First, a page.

Complexion (N): The natural color, texture, and appearance of a person’s skin, especially of the face
Dimmed (V): Past participle form of the word “dim,” that is, make or become less bright or distinct
Fair (Adj): Beautiful
Declines (V): Third person present tense of the word “decline,” that is, (typically of something regarded as good) to become smaller, fewer, or less; decrease
Course (N): The way in which something progresses or develops
Untrimmed (Adj): Not having been trimmed or cutaway
Thy (Pr): An older form of the word “your.”
Eternal (Adj): Lasting or existing forever; without end
Fade (V): Gradually grow faint and disappear
Possession (N): The state of having, owning, or controlling something
Ow’st (V): Short form of the word “owest,” which is, in turn, an older form of the word “owe.”
Brag (V): Say something in a boastful manner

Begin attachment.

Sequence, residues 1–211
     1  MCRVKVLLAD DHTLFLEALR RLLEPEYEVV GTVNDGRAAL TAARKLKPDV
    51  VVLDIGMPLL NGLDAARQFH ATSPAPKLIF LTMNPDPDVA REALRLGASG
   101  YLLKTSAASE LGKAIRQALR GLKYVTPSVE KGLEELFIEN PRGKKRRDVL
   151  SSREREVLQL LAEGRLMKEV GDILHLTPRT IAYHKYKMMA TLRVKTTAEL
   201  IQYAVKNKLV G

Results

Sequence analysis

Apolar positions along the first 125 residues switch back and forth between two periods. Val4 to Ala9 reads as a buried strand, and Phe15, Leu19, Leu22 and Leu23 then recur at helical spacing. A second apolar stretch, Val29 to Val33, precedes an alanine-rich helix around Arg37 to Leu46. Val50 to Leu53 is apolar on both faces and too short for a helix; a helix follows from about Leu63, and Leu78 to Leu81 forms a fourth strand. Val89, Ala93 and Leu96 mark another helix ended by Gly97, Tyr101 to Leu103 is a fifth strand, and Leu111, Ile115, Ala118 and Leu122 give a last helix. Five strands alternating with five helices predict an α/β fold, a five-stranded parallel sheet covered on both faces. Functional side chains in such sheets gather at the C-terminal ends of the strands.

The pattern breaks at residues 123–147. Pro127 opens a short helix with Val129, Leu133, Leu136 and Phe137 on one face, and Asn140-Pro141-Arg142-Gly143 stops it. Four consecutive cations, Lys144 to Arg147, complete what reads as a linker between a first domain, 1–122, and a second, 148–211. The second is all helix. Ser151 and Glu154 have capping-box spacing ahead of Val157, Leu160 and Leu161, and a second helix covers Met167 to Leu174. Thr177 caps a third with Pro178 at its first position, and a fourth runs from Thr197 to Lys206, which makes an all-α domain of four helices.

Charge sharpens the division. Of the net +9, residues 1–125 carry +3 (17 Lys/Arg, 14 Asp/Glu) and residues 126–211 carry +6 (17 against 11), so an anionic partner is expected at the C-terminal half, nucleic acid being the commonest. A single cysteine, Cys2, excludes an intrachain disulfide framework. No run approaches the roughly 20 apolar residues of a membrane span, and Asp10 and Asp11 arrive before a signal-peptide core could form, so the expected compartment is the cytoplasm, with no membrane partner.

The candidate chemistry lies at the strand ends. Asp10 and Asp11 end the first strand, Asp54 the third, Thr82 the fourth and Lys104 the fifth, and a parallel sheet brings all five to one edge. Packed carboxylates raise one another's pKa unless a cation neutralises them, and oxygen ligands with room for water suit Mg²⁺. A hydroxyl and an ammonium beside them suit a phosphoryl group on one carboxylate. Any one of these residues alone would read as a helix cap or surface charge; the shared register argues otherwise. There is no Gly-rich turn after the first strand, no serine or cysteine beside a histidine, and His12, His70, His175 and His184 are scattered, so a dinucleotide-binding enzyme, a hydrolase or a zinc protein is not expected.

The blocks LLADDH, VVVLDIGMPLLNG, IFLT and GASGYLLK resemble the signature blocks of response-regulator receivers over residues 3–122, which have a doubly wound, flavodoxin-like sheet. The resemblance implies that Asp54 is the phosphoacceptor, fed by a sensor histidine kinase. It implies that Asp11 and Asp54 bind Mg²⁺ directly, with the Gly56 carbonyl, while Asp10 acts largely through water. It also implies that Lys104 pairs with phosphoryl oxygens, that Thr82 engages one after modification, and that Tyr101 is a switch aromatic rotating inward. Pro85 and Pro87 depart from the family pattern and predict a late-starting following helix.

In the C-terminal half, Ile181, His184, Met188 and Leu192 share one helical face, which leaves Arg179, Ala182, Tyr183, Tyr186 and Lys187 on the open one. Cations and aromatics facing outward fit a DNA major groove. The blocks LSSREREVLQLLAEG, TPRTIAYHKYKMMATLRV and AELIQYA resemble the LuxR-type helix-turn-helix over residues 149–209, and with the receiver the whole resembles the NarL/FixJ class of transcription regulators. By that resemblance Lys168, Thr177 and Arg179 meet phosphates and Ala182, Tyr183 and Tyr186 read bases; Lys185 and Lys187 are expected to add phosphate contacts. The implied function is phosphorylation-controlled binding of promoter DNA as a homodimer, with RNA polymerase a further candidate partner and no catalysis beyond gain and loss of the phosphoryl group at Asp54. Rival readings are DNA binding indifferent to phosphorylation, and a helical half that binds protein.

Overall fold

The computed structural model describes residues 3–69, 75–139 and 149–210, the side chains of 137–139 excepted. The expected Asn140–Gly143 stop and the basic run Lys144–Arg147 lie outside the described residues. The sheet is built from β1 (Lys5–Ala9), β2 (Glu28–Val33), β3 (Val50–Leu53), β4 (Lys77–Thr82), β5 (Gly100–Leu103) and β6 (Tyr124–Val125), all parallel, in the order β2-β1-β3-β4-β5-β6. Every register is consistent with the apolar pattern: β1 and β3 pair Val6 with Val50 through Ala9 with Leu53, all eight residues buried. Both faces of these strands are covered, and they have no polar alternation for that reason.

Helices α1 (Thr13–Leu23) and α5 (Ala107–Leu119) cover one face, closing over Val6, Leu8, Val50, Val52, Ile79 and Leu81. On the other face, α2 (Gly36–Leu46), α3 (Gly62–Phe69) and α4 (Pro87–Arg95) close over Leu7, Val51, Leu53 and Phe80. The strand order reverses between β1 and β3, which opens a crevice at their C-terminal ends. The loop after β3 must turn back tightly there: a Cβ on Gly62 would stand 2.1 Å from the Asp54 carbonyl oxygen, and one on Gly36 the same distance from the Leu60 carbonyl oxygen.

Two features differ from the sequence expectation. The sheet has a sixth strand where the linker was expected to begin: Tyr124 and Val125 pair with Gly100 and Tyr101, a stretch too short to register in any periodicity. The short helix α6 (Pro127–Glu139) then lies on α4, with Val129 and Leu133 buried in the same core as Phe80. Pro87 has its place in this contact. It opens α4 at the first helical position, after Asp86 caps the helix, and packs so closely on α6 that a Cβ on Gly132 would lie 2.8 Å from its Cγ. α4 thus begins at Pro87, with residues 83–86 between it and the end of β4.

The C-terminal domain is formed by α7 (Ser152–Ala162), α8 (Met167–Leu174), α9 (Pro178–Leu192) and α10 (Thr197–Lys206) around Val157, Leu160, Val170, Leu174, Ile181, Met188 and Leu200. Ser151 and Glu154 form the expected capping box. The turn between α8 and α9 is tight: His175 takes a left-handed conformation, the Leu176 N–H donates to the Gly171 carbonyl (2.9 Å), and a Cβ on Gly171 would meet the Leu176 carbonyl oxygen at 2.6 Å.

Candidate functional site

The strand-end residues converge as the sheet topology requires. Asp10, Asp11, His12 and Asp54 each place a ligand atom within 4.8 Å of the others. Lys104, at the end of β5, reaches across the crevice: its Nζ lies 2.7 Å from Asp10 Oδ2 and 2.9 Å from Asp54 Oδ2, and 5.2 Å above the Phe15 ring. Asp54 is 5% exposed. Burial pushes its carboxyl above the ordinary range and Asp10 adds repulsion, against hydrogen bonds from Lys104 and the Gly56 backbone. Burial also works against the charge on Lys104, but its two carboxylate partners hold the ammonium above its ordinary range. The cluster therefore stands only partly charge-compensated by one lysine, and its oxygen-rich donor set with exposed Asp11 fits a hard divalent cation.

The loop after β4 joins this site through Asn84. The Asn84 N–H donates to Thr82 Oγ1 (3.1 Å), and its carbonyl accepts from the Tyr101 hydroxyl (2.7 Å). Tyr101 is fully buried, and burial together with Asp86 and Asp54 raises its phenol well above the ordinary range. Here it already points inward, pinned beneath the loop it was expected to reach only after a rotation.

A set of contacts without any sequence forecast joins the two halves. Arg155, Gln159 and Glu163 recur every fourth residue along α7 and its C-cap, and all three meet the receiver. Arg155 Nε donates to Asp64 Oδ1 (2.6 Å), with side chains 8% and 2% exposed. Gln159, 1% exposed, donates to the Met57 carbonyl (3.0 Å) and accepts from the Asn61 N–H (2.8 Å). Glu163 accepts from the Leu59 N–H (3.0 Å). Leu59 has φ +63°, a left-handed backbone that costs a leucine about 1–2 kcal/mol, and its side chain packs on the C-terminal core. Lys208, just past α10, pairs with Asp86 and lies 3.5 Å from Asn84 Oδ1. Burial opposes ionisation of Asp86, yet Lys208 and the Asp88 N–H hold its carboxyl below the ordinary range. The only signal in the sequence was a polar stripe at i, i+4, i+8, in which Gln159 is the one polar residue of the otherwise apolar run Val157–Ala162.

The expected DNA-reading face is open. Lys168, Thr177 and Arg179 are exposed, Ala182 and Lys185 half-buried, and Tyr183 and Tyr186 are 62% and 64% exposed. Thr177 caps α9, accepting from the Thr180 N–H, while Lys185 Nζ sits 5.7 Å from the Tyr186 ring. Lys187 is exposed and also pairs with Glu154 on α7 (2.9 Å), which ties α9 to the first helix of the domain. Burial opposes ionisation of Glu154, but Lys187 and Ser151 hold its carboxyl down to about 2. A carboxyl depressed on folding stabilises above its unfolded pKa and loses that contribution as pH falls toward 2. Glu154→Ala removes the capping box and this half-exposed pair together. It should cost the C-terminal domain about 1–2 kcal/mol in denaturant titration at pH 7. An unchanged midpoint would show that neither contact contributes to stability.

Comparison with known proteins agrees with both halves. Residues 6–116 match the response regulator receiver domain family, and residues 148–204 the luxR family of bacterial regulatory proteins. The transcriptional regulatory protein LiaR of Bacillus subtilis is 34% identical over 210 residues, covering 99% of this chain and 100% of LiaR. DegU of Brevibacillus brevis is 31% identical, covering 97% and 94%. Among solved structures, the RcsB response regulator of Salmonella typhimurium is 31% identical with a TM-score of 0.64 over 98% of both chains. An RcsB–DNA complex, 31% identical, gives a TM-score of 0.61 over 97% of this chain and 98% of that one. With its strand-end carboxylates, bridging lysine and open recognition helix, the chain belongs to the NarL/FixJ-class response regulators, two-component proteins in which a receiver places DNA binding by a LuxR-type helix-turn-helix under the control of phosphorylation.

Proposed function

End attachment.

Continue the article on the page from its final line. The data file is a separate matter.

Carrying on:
Wand’rest (V): Short form of the word “wanderest,” which is, in turn, an older form of the word “wander.”
Grow’st (V): Short form of the word “growest,” which is, in turn, an older form of the word “grow.”
Sonnet 18: Poetic Devices
Sonnets typically occur in two types of rhyme schemes – in the pattern ABBA ABBA CDE CDE, known as the Petrarchan sonnet, or in the pattern ABAB CDCD EFEF GG, known as the Shakespearian sonnet. This sonnet is a typical Shakespearean one, as it follows the rhyme scheme mentioned above in its entirety without the slightest of deviation.
This rhetorical device is used when a poet addresses his or her poem to an absent audience. In this poem, the poet uses the device of an apostrophe when he addresses all his words to his beloved, whom we never see responding at any point in the poem.
This rhetorical device is used when an overt comparison is made between two different things. In this poem, the poet uses the device of simile in line 1 itself when he makes a comparison between his beloved and a summer’s day and then says it is not an appropriate comparison to make.